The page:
The systematic review was carried out in accordance with the Cochrane Handbook [52]. For randomised controlled trials, Cochrane collaborative tools were used to assess risk of bias [50] (Fig. 2a). For prospective and retrospective cohort studies, we used the methodological index for non-randomized studies (MINORS) to assess bias [53]. The level of evidence was based on the National Health and Medical Research Council’s classification[54]. According to the Cochrane Collaboration Tool, all included non-randomised controlled trials were judged to have a low risk of bias (Fig. 2b).
Fig. 2

a Risk of bias assessment of RCT included. b Quality assessment of non-randomised studies included (using the ROBINS-I tool for assessment of risk of bias)

Three-year survival rate

In the 24 studies included, only Amelung et al. did not report overall survival rate [42], and the remaining 23 studies compared the 3-year survival rates between the stent as a bridge to surgery (SBTS) and emergency surgery groups. A total of 2365 patients were included in the studies. The results showed the survival rates of the two groups were 62.8% and 59.1% respectively (OR = 0.88, 95% CI 0.69–1.12). There was no significant difference between the two groups (P = 0.05, I2 = 35%) (Fig. 3). The funnel plot did not show the presence of significant deviations (Fig. 9a).
Fig. 3

Forest plot of 3-year OS between patients treated with SBTS or ES for MCO

Five-year survival rate

The 5-year overall survival rates of the two groups were obtained. A total of 1426 patients were included in the studies. The results showed that the survival rates of the two groups were 62.6% and 57.2%, respectively (OR = 0.91, 95% CI 0.70–1.17, P = 0.67). There was no statistically significant difference between the two groups (P = 0.67, I2 = 0%, Fig. 4). The funnel plot showed no significant deviation (Fig. 9b).
Fig. 4

Forest plot of 5-year OS between patients treated with SBTS or ES for MCO

Three-year disease-free survival rate

A total of 14 studies reported the 3-year disease-free survival rate, with a total of 1658 patients enrolled in the studies. The 3-year disease-free survival rates in the SEMS and emergency surgery groups were 59.6% and 58.8%, respectively (OR = 1.14, 95% CI 0.91–1.42). There was no significant difference between the two groups (P = 0.65, I2 = 36%, Fig. 5), and the funnel plot did not show the presence of publication bias (Fig. 9c).
Fig. 5

Forest plot of 3-year DFS between patients treated with SBTS or ES for MCO

Five-year disease-free survival rate

Five-year disease-free survival was obtained from six studies, and a total of 1001 patients were included in the studies. The meta-analysis showed that the 5-year disease-free survival in the SEMS and emergency surgery groups was 43.7% and 44.0%, respectively (OR = 1.35, 95% CI 0.91–2.02). There was no statistically significant difference between the two groups (P = 0.17, I2 = 0%, Fig. 6). In addition, the funnel plot showed no significant deviation (Fig. 9d).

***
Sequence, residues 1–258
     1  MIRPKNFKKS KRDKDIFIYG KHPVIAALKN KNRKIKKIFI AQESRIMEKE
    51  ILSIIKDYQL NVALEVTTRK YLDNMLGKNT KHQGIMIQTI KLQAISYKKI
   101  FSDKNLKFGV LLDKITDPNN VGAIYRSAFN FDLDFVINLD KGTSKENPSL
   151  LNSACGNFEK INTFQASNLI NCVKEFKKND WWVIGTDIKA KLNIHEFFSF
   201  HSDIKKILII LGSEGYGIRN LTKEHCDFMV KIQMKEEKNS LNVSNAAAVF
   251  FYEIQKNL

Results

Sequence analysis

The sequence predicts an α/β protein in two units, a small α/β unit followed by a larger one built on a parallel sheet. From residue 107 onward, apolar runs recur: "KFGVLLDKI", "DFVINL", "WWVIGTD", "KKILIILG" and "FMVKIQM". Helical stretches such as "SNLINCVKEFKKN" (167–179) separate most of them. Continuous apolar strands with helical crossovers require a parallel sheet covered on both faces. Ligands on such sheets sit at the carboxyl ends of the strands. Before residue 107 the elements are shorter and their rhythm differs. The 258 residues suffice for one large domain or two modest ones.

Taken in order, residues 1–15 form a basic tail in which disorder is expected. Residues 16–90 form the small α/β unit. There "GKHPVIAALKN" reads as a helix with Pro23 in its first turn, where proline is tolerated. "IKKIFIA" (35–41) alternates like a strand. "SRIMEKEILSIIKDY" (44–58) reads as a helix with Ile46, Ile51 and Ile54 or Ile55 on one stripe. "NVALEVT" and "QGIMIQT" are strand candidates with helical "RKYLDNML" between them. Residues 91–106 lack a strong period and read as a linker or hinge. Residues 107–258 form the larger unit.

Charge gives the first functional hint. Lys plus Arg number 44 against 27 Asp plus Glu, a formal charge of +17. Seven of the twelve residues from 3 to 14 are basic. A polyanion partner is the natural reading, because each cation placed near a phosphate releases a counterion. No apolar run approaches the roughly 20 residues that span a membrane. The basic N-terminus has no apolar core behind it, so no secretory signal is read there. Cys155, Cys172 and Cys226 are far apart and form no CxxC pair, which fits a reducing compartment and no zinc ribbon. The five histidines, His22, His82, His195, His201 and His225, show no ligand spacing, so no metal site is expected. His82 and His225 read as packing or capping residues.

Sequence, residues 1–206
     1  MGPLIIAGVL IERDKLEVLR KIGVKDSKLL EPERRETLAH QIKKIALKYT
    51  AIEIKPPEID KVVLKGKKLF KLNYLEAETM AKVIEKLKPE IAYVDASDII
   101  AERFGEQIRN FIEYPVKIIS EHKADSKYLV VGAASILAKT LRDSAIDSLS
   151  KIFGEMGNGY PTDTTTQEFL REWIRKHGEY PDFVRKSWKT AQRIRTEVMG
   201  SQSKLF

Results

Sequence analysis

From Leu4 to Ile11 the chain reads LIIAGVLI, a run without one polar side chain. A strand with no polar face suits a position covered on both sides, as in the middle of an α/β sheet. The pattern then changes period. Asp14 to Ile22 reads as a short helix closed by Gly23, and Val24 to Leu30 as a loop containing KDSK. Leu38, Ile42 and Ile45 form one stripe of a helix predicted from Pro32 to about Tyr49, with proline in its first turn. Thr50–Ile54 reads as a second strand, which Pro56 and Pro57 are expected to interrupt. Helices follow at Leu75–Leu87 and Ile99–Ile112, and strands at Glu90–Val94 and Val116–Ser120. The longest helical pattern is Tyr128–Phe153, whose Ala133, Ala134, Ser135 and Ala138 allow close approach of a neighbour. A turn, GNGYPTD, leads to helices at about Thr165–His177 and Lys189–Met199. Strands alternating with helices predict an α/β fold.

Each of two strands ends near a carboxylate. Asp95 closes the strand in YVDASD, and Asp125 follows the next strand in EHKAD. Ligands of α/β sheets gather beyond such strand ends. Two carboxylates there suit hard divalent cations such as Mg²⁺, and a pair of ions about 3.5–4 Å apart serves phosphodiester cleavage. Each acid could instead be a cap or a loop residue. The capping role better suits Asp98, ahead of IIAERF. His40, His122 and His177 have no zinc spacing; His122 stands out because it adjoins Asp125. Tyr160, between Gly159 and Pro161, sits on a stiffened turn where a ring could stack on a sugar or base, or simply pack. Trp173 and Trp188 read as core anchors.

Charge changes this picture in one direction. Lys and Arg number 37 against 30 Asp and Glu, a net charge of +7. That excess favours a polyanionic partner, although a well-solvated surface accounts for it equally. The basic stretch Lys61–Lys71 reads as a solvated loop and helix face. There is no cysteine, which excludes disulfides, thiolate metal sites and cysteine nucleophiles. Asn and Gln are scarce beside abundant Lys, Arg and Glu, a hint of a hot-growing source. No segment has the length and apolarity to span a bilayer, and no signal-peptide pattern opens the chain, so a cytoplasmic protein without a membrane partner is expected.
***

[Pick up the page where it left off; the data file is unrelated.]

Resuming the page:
Fig. 6

Forest plot of 5-year DFS between patients treated with SBTS or ES for MCO

Local recurrence

The local recurrence rate in the SEMS and emergency surgery groups was 8.8% and 5.7%, respectively (OR = 1.37, 95% CI 0.84–2.23), with no significant difference between the two groups (P = 0.92, I2 = 0%, Fig. 7). The funnel plot did not show the existence of a publication bias (Fig. 9f).
Fig. 7

Meta-analysis of local recurrences between patients treated with SBTS versus ES for MCO

Overall recurrence

A total of 17 studies on recurrence rates, including 13 cases of local recurrence, were included in this meta-analysis. The results showed an overall recurrence rate of 28.7% and 27.5% for the SBTS and emergency surgery groups, respectively (OR = 1.04, 95% CI 0.77–1.41). There was no significant difference between the two groups (P = 0.14, I2 = 28%) (Fig. 8). The funnel plot did not show the existence of publication bias (Fig. 9e).
Fig. 8

Meta-analysis of overall recurrences between patients treated with SBTS versus ES for MCO

Fig. 9

Funnel plots were plotted of all studies that reported on 3-year overall survival (a), 5-year overall survival (b), 3-year DFS (c), 5-year DFS (d), local recurrences (e), and overall recurrences (f)

Sensitivity analysis

With regard to the 5-year survival rate, sensitivity analyses were performed on 6 different variables included in 15 studies, including study type, study area, total number of patients, number of patients receiving stents, technical success rate, and publication year (Table 2).
Table 2

Sensitivity analysis of 5-year survival rate between SBTS and ES groups

Variable

Subgroup

Number

Number of cases

OR

95% CI

P

Heterogeneity P

I 2

Years

≥ 2015

8

1000

0.85

0.61–1.19

0.34

0.33

13%

< 2015

7

429

0.86

0.48–1.52

0.6

0.10

44%

Area

Asia

10

1154

0.76

0.58–1.0

0.05

0.41

4%

Europe

5

265

1.61

0.94–2.74

0.08

0.46

0%

Type of study

RCT

2

76

0.66

0.16–2.67

0.56

0.15

52%

Non-RCT

13

498

0.88

0.65–1.19

0.4

0.19

25%

Total number of patients

≥ 70

9

1132

0.91

0.64–1.3

0.56

0.16

32%

< 70

6

287

0.72

0.42–1.24

0.24

0.3

17%

Number of SEMS

≥ 30

8

955

1.07

0.77–1.47

0.69

0.37

8%

< 30

7

464

0.64

0.42–0.98

0.04

0.34

12%

SEMS success rate

≥ 95%

7

686

0.65

0.45–0.94

0.02

0.88

0%

< 95%

5

350

1.21

0.56–2.27

0.54

0.15

41%

Subgroup analysis of 2 randomised studies showed low heterogeneity, and there was no significant decrease in survival in the SEMS group (OR = 0.66, 95% CI 0.16–2.67, P = 0.56, 39 vs. 37); these results were contrary to non-randomised studies with a high degree of heterogeneity (OR = 0.88, 95% CI 0.65–1.19, P = 0.4, 781 vs. 562).